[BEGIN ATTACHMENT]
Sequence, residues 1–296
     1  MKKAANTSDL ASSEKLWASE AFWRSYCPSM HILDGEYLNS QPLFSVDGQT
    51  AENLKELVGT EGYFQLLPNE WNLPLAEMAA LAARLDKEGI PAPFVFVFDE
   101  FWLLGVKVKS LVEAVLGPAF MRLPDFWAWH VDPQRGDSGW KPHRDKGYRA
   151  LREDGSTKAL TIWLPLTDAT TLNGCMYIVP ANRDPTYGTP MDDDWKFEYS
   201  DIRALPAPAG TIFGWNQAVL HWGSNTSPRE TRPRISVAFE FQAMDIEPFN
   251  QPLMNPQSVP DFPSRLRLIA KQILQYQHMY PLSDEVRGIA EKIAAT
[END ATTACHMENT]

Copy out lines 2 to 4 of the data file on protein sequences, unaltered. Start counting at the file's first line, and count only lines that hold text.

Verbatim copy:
     1  MKKAANTSDL ASSEKLWASE AFWRSYCPSM HILDGEYLNS QPLFSVDGQT
    51  AENLKELVGT EGYFQLLPNE WNLPLAEMAA LAARLDKEGI PAPFVFVFDE
   101  FWLLGVKVKS LVEAVLGPAF MRLPDFWAWH VDPQRGDSGW KPHRDKGYRA